In a recent post, I told you about the four present tenses and their ten uses. After that, I told you about the nine ways you can use the four past tenses. Now let’s look at future tense.
In English, the future tense is more flexible than the past or present tenses. What I mean by “flexible” is that there are many more ways to describe the future, compared to the past and present. You can describe the future with six different tenses instead of four. And there are 13 total uses for the tenses that describe future. The future is so flexible in English that you can even use two forms of the present tense to describe it.
All this flexibility is great. But it also means that mastering “future talk” is a bit more complicated than mastering “present talk” or “past talk” in English. So we’re going to study the future tense in three posts instead of just one. In this first post, we’ll look at the way that two present tenses and the simple future tense can be used to describe the future. These three tenses are listed below, with description of their grammar forms and uses.
Form: Use a form of “to be” (am, is, are) + verb + ing. (Am doing, is thinking, are trying, and so on.)
Use 1: An action planned in the near future
EXAMPLES: The science fair is happening in the school auditorium this weekend. I am seeing the new movie this weekend.
Use 2: An expected future event. This is an event that is not necessarily planned by the speaker or writer, but is still something they expect will happen. While Use 1 of present continuous only deals with the near future, Use 2 can deal with events that will happen in near or distant future.
EXAMPLES: I think the research team is finishing its work sometime this evening. Some scientists believe the polar ice caps are melting completely within the next hundred years.
Form: Just use the base form of the verb, adding an “s” if the subject before the verb is singular. (They leave, the woman leaves, and so on.)
Use 1: A scheduled future event. This is very similar to Use 1 of present continuous above. The difference is that Use 1 of present continuous usually describes events in the near future. Simple present can describe events in the near future or events that will happen a very long time from now.)
EXAMPLES: The wedding is next Monday. The millennium ends in the year 2999.
Form: Use will + the base form of the verb. (They will run, she will run, etc…)
Use 1: A future event.
EXAMPLE: I will see you tomorrow.
Use 2: A prediction of what may happen in the future.
EXAMPLE: My grandfather thinks it will rain soon.
Use 3: A promise of future action
EXAMPLE: I will finish cleaning my room before I go to bed tonight.
Use 4: A request for future action
EXAMPLE: Will you give me the financial report before you go home today?
Use 5: A threat to do something bad in the near future
EXAMPLE: If you bother me again, I will complain to your boss.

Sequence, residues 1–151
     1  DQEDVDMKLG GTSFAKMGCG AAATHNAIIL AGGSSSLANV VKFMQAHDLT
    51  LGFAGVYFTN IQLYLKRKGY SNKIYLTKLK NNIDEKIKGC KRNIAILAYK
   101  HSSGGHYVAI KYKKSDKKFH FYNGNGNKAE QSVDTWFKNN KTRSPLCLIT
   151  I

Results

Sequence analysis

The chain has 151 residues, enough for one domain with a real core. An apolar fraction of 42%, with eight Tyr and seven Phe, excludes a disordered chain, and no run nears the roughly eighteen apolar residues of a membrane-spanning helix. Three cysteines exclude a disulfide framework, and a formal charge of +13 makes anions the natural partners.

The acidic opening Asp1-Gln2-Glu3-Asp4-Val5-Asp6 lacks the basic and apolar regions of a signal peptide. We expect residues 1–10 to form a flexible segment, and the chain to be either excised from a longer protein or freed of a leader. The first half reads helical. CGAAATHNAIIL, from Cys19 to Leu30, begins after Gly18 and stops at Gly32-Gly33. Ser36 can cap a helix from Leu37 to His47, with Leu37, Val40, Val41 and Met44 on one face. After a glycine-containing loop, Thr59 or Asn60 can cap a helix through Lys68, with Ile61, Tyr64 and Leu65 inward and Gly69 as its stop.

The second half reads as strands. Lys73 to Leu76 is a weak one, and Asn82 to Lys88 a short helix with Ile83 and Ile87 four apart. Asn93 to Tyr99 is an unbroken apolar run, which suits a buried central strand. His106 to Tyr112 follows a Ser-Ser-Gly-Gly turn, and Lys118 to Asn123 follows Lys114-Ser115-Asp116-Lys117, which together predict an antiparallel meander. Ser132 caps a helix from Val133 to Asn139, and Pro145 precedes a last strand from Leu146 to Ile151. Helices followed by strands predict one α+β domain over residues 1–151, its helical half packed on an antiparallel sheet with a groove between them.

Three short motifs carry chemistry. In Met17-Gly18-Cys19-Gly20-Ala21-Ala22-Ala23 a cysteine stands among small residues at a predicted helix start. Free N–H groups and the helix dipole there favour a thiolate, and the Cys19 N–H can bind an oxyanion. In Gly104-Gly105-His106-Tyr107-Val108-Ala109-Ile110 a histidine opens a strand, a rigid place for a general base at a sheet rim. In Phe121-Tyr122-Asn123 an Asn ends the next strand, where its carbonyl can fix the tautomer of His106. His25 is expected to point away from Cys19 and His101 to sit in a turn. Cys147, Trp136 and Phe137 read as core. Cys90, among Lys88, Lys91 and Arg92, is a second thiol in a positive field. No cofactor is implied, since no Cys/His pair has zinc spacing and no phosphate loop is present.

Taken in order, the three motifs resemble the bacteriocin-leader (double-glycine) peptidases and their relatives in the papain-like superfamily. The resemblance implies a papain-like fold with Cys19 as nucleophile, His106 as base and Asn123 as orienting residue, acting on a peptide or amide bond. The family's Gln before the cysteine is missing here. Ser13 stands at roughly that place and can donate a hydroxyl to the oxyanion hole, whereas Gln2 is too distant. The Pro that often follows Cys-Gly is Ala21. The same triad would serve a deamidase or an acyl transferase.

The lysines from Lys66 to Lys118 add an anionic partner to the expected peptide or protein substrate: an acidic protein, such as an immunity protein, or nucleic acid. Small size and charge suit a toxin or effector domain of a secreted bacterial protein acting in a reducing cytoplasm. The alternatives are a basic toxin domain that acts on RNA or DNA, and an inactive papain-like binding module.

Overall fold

Use 6: Describing an event that happens often, and will probably happen again in the future. (This one really describes actions that happen again and again, past present and future, and is not strictly a future form. Because it’s a little different from other uses of simple future, I’ll give you several examples.)
EXAMPLES: In Korea and Japan, it will always rain a lot in the summer. She loves comic books, so she will talk a lot if you ask her about comics. The car will need an oil change every four months. I will usually take a shower in the morning.
In my next post, I’ll talk about the remaining three future tenses: future perfect, future perfect continuous, and future continuous.
I’ve found that students will always have a lot of questions about future tenses. If you have any questions about this post, don’t be shy! Ask your questions in the comment field below, or talk to me at my Google Plus page.
Ready for Part 2? Click here to learn about the Perfect and Continuous Futures.
Very help full lesson about future.
Glad you found it helpful!
John and mark went out for dinner,
They had it and john suggested to have some juice too.
John to waiter: ” please let us know, the verities of fruit juice are available here”
Waiter- Orange juice and pineapple juice
mark: I am drinking pineapple juice, what about you john.
I fell like the last sentence is right..But am confused if its wrong
Please help me out
Hi Vineeth, I’m afraid that we don’t have the capacity to provide proofreading services here. I’d recommend using grammarly.com or hemingwayeditor.com if you are looking for online proofreading services. If you have a specific grammatical question, we may be able to help.
Hi…I have a doubt regarding the use of present continuous tense for decided future actions and simple future tense.
Eg. I’m going to India next week or I will go to India next week.
Which 1 is correct?
If both are correct, what is the difference in these two tenses?
I’m a teacher and I have to explain each and every thing precisely to my students. Kindly help.
This is a great question. 🙂 Both are correct. However, “I’m going to India next week,” suggests that the act of going to India has been decided before the conversation. In contrast, “I will go to India next week,” suggests that the decision has been made at the exact time of conversation. 🙂 But honestly, for either of the example sentences “will” or “am going to” are acceptable because they talk about doing something in the future.